Indiana lawmakers will have their pick of cannabis reform bills to take up during the 2022 session, with newly pre-filed legislation covering everything from legalizing possession to initial steps for setting up the regulatory infrastructure for a marijuana market
Rep. Sue Errington (D) is sponsoring that infrastructure legislation—a proposal that the state’s anti-legalization governor recently signaled he could support.
The bill would not immediately legalize marijuana for adult use, but it would create a new Cannabis Compliance Commission and a separate advisory committee to “regulate the growth, processing, distribution, and sale of legal cannabis in Indiana,” including the state’s existing hemp and CBD markets.
The idea is to get the pieces in place to regulate commercial marijuana production and sales if legalization is eventually enacted.
Members would be responsible for setting rules and issuing licenses for any legal cannabis businesses, and would also be authorized to issue cannabis research licenses to eligible academic institutions, pharmaceutical companies and agricultural businesses.
Errington has previously sponsored cannabis legislation, including broader legalization bills. She recently told WTHR-TV that she felt those efforts were “trying to bite off too big a chunk at once,” so she hopes this infrastructure-centered reform will be a passable first step.
Gov. Eric Holcomb (R) isn’t supportive of legalization, but he did recently say that he’s on board with having lawmakers pass legislation to get the state ready for legal marijuana if federal prohibition is lifted.
Marijuana Moment is already tracking more than 1,300 cannabis, psychedelics and drug policy bills in state legislatures and Congress this year. Patreon supporters pledging at least $25/month get access to our interactive maps, charts and hearing calendar so they don’t miss any developments.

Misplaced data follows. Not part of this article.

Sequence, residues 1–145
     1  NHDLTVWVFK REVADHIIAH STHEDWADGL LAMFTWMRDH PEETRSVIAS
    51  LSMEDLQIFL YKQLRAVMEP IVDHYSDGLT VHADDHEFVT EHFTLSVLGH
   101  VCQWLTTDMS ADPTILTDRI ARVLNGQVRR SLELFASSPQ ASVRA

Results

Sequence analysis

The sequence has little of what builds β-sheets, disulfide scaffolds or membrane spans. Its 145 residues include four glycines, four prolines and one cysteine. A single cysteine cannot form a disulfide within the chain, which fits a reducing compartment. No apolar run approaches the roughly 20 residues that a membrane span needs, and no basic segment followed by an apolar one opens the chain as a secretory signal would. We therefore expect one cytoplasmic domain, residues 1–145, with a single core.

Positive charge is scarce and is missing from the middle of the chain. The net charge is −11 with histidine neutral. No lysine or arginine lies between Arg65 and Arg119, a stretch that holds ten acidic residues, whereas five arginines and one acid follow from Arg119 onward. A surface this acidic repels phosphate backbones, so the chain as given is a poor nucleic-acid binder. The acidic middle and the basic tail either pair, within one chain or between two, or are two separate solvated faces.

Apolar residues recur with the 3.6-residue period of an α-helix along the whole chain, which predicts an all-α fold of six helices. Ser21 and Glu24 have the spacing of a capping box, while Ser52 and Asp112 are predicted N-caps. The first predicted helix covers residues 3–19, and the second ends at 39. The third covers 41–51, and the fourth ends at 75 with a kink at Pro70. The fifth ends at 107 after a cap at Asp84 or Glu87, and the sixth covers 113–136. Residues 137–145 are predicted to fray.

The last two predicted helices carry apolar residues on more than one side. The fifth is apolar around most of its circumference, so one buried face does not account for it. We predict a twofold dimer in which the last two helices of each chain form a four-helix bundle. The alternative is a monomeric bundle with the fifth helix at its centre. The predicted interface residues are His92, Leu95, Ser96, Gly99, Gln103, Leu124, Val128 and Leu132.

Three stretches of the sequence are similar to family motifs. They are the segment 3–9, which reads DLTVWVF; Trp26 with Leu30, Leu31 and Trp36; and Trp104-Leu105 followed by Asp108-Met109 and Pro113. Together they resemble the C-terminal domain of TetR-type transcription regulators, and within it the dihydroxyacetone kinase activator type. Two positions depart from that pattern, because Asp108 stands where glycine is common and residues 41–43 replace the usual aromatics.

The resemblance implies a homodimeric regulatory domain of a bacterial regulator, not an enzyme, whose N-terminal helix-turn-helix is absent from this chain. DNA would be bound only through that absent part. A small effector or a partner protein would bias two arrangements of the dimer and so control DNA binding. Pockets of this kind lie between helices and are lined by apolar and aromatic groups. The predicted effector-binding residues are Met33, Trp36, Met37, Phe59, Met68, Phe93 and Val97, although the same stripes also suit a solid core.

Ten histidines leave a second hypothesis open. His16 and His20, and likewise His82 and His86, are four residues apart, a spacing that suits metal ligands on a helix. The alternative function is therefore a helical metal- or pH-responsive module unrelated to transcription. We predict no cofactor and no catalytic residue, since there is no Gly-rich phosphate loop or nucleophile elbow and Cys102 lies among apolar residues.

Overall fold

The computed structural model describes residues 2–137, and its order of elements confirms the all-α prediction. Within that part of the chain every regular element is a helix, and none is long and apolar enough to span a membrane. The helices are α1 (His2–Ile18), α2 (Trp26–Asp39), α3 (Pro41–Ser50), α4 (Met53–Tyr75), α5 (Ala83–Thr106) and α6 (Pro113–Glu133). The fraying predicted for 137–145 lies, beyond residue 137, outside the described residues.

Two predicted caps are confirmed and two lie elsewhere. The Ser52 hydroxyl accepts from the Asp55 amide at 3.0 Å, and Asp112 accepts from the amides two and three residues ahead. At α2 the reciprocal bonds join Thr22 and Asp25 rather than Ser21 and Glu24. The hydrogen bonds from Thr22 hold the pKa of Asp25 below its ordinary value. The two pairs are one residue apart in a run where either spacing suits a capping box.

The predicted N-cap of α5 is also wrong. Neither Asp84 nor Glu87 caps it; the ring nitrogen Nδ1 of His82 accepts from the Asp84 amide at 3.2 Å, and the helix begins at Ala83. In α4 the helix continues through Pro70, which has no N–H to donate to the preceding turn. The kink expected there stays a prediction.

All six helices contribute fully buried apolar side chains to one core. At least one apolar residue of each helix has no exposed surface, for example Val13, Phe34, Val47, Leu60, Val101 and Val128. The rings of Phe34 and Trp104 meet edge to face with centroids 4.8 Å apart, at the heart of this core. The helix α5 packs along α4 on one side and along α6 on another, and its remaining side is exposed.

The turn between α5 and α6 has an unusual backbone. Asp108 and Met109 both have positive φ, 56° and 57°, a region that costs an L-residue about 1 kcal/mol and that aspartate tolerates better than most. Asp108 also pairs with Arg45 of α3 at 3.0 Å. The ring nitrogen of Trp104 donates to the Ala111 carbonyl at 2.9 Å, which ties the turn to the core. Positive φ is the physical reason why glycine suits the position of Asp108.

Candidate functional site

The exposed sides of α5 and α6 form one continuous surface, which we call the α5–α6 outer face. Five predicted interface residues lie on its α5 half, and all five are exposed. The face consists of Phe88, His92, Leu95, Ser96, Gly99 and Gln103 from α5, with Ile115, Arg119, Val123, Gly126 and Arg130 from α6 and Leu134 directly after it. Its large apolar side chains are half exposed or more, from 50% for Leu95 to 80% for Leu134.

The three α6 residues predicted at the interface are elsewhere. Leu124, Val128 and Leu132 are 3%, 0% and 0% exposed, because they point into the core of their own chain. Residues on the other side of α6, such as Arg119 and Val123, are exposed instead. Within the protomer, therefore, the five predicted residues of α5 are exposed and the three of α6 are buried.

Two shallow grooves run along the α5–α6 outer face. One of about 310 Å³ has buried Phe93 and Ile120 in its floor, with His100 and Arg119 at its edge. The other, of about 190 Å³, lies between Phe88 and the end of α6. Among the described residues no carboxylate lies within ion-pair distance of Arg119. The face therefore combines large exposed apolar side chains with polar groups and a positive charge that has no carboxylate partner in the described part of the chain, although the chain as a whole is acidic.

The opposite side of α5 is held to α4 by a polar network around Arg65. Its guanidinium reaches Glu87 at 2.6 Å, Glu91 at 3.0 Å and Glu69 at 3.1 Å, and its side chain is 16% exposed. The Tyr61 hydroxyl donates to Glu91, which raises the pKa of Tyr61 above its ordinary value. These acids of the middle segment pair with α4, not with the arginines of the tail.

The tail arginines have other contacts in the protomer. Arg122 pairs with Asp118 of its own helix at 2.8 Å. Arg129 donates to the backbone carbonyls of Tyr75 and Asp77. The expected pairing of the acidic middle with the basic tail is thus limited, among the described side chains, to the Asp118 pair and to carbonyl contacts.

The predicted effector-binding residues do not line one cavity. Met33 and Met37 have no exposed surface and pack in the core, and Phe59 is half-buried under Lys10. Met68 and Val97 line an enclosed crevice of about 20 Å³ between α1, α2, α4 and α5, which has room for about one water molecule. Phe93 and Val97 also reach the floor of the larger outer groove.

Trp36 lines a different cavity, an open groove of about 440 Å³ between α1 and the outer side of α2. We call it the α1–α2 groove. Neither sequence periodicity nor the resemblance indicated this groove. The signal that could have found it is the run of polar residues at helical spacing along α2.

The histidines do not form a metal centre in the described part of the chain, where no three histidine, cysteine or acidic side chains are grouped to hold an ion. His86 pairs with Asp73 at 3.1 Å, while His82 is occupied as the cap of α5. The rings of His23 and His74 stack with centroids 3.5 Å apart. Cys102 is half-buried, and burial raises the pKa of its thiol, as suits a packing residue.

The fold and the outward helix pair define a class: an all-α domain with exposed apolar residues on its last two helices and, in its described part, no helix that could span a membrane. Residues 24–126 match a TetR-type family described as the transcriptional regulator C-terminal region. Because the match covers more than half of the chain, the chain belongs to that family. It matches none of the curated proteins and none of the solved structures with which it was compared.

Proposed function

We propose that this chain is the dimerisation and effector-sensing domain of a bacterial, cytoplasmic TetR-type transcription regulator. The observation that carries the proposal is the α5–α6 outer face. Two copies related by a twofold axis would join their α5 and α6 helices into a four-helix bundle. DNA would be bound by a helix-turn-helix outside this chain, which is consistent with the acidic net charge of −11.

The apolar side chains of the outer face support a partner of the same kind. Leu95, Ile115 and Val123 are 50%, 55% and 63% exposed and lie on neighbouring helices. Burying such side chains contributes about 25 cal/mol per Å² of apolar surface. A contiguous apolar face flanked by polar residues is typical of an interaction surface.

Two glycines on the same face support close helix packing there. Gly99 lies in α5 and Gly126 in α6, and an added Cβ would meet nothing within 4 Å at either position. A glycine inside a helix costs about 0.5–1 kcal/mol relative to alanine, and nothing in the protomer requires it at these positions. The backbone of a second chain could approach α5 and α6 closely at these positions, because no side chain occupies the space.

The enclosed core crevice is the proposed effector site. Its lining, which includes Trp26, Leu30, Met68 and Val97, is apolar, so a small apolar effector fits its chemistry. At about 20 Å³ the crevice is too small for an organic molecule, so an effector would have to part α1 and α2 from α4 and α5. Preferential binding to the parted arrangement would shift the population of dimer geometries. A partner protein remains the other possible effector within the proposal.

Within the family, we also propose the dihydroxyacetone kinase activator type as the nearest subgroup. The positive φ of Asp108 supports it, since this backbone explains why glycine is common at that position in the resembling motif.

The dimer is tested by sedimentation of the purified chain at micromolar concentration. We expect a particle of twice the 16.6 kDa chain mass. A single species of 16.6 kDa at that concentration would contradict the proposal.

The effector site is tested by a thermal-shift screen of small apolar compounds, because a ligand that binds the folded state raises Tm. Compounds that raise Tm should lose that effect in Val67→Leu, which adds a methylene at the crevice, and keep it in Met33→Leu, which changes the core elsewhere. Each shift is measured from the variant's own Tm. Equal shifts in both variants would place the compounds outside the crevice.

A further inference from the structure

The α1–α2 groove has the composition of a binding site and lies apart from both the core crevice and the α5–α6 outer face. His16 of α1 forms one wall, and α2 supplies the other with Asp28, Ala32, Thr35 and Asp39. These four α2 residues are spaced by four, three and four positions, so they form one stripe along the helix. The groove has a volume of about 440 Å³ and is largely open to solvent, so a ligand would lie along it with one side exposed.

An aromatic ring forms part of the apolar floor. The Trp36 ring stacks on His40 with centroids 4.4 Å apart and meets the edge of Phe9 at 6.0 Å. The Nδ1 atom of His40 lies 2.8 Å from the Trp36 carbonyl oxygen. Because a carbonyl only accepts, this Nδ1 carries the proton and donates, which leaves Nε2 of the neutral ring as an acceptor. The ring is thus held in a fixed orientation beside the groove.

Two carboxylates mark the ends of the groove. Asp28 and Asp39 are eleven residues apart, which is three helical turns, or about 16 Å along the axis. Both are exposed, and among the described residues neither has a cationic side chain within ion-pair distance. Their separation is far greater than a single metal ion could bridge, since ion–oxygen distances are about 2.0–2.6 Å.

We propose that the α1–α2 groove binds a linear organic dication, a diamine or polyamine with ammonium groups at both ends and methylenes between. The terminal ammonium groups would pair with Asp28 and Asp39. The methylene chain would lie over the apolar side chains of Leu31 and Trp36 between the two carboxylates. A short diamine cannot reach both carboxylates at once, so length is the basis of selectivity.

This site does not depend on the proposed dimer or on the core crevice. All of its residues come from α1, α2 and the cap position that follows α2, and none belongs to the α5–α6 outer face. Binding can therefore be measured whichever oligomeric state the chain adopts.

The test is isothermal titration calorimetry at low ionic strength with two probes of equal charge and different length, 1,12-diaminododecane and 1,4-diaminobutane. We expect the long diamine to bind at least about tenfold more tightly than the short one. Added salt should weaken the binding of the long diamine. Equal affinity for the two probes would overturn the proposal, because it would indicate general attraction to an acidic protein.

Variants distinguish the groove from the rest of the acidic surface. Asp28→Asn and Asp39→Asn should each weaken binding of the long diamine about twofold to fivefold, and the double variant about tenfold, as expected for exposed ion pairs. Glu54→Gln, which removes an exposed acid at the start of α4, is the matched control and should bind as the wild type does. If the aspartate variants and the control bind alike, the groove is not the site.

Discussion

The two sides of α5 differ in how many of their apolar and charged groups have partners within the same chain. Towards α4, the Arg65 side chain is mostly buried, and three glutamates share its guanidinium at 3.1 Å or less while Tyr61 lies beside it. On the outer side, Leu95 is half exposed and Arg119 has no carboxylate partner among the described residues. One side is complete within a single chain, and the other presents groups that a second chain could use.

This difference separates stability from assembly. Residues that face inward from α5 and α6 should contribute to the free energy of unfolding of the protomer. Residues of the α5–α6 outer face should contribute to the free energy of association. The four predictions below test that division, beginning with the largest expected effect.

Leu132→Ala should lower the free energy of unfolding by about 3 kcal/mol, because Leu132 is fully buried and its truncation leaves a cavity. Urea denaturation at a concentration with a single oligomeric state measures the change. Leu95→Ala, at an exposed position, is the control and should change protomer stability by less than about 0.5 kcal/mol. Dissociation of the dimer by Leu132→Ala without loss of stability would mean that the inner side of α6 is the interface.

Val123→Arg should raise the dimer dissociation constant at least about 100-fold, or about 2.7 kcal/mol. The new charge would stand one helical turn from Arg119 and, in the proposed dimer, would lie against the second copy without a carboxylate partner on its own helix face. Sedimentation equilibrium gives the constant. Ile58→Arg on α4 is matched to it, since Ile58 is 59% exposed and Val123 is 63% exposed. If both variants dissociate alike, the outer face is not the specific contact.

Less clear is how the governor would approach a separate bill introduced by Rep. Heath VanNatter (R), which would remove criminal penalties for possession of up to two ounces of cannabis. While it wouldn’t permit marijuana retailers, the legislation is effectively non-commercial legalization of small amounts. It would also make it so that possession of between two and four ounces of cannabis would be downgraded to a class B misdemeanor.
Also on the legislature’s docket is a bill from Rep. Sean Eberhart (R) that would create a new definition for smokable hemp called “craft hemp flower” and makes other changes to the state’s hemp laws, including repealing a law requiring that hemp flower only be sold to licensed Indiana processors.
It would also clarify that a food is not considered “adulterated” because it contains low-THC hemp extract.
Meanwhile, another Republican Indiana lawmaker who serves in House leadership has announced she’ll be introducing a bill to legalize marijuana for both recreational and medical use in the upcoming legislative session.
Rep. Cindy Ziemke (R), who has worked to raise awareness about substance misuse since her sons struggled with addiction, says she recognizes the obstacles of enacting cannabis reform in the conservative legislature. But she’s hoping that leadership will at least allow a committee hearing on her forthcoming proposal.
The measure, which has not yet been pre-filed, would legalize cannabis for adults 21 and older and set up a regulated system of sales, mirroring neighboring Michigan’s marijuana law. It would also establish a medical cannabis program in the state.
A statewide 2018 poll that found that about 80 percent of Indianans favor legalizing cannabis for either medical or recreational purposes, and 78 percent agreed that simple possession should be decriminalized.
The Indiana Democratic party, meanwhile, is mounting a push for marijuana legalization and calling on state lawmakers to enact the reform.
If the GOP-controlled legislature fails to pass a legalization bill during the 2022 session, the party organization said Democrats are prepared to campaign on the issue, leveraging the popularity of ending prohibition among Indiana voters.